East African Medical Journal. 1993 Sep; 70(9):592-4.Staff of the infertility clinic at King Khalid University Hospital in Riyadh, Saudi Arabia, cared for a Yemeni woman who had a poor obstetric history. She had had pelvic inflammatory disease. Her 1st pregnancy concluded in a full term vaginal delivery, but gastro-enteritis caused the infant's death at 4 months. She delivered her 2nd child at 32 weeks gestation and the infant died 3 days later. Her 3rd and 4th pregnancies occurred in the right tube. A laparotomy, conservative evacuation of the conceptus from the right tube, and peritoneal lavage were used to treat the ectopic pregnancies. She experienced spontaneous abortion of the 5th pregnancy at 10 weeks. The woman presented at the hospital's gynecology clinic at 40 days amenorrhea with low abdominal pain and a small amount of vaginal bleeding. She had not passed any clots or tissue. The general examination was normal. The pregnancy test was positive. Since she had past ectopic pregnancies, the physicians conducted an ultrasound, which revealed no intrauterine pregnancy and a heterogenous 4.5 cm x 5.5 cm mass near the left tube. Laparoscopy confirmed a normal size uterus, a mass on the left tube, and bleeding into the peritoneum. Laparotomy was performed to remove the unruptured left ampullary ectopic pregnancy in such a way as to preserve the patency of the tube and therefore fertility. The surgeons also conducted peritoneal lavage with dextran saline to remove the blood in the peritoneum. The surgeons lysed the adhesions they found between the omentum, abdominal wall, and the uterus. Both ovaries were in good condition. The right tube was in good condition. She did fine postoperatively and was released 7 days after operation. The physicians could not determine the patency of the left tube, because she was lost to follow up. This case shows that conservative management of the tubes to retain tubal patency was successful, since she was able to conceive, but recurrent ectopic pregnancies may damage the tubes.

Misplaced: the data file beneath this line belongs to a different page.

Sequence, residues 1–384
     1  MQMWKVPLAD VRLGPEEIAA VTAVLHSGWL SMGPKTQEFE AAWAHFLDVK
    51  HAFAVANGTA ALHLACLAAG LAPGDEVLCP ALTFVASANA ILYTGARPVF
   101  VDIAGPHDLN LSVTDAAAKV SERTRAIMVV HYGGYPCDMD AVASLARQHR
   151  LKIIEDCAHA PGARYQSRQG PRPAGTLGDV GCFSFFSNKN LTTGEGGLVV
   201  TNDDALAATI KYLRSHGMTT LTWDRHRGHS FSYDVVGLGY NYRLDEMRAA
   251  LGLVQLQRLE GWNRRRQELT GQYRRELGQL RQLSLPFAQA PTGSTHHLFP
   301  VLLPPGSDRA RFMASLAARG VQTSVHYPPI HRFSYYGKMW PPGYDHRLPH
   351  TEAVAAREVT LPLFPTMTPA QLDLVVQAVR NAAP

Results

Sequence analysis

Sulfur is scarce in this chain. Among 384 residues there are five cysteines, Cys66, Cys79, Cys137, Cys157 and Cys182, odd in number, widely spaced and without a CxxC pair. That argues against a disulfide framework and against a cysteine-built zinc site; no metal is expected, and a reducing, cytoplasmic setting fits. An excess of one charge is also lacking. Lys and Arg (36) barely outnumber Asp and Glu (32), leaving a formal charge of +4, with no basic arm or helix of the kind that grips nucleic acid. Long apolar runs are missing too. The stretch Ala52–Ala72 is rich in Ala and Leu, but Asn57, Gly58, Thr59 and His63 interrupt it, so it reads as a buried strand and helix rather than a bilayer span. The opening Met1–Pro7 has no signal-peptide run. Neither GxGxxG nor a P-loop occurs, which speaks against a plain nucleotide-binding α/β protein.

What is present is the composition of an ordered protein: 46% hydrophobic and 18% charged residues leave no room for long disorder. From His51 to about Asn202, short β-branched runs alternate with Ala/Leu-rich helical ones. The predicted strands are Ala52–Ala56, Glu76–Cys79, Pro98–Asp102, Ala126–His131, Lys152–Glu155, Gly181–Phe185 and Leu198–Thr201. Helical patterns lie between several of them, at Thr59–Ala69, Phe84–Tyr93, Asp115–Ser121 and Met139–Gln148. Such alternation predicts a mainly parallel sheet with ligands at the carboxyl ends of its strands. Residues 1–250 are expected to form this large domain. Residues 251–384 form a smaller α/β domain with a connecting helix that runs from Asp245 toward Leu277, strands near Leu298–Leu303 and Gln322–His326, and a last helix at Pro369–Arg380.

East African Medical Journal. 1993 Sep; 70(9):551-5.Between September 1988 and January 1989 in Kenya, health care providers recruited 150 infertile women, 15-39 years old, who had gone to a gynecological outpatient clinic at Kenyatta National Hospital in Nairobi to undergo hysterosalpingography to determine the condition of the uterus and fallopian tubes. The aim of the study was to determine whether there was an association between hysterosalpingography and pelvic inflammatory disease (PID) and the determinants for PID. Most women were between 20-29 years old, married, and had a primary education (67.3%, 90.7%, and 55.3%, respectively). One week after hysterosalpingography, 44% developed acute PID, defined as having at least 2 of the following signs or symptoms: lower abdominal pain, rebound tenderness, cervical/adnexal tenderness, foul smelling vaginal discharge, adnexal mass(es), and fever of at least 38 degrees Celsius. The most frequent signs and symptoms were lower abdominal pain and tenderness. Married women were more likely to have PID than unmarried women (47.1% vs. 14.3%). The small numbers of unmarried women made it difficult to determine the significance of the difference, however. Sexual intercourse within the 1st week after hysterosalpingography was not associated with PID (45.2% for PID cases vs. 42.1% for non-PID cases). The researchers believed that hysterosalpingography pushed existing pathogens in the vagina into the uterus, or the women already had asymptomatic PID. They recommended further studies to determine whether physicians should administer prophylactic antibiotic therapy to all women undergoing hysterosalpingography.
HIV infection among patients with acute pelvic inflammatory disease at the Kenyatta National Hospital, Nairobi, Kenya.
East African Medical Journal. 1993 Aug; 70(8):506-11.AIDS continues to exert considerable strain on the economy, as well as social aspects of our lives. Previous studies have identified the categories of people most at risk of contracting and developing HIV infection and AIDS. In this study, 20.9% of women with acute pelvic infection at the Kenyatta National Hospital, were found to be seropositive for HIV, much higher than the general population in Kenya. Though there was no direct correlation between one's age and serological status, most of the women with pelvic inflammatory disease (PID) were young, quite sexually active, and involved with several partners. 49.0% of the entire group and 53.7% of the women who were seropositive were married. This underlies the fact that marital status does not appear to offer any protection against HIV infection. The fact that the majority of these women had started coitus quite early, that they were not using any protective measure against STDs or HIV infection, and they were involved with several partners, indicate that we are very far from winning the fight against HIV infection and AIDS. There is need to revise the currently operative programs with a view to making them more effective in preventing transmission and spread of HIV infection. (author's)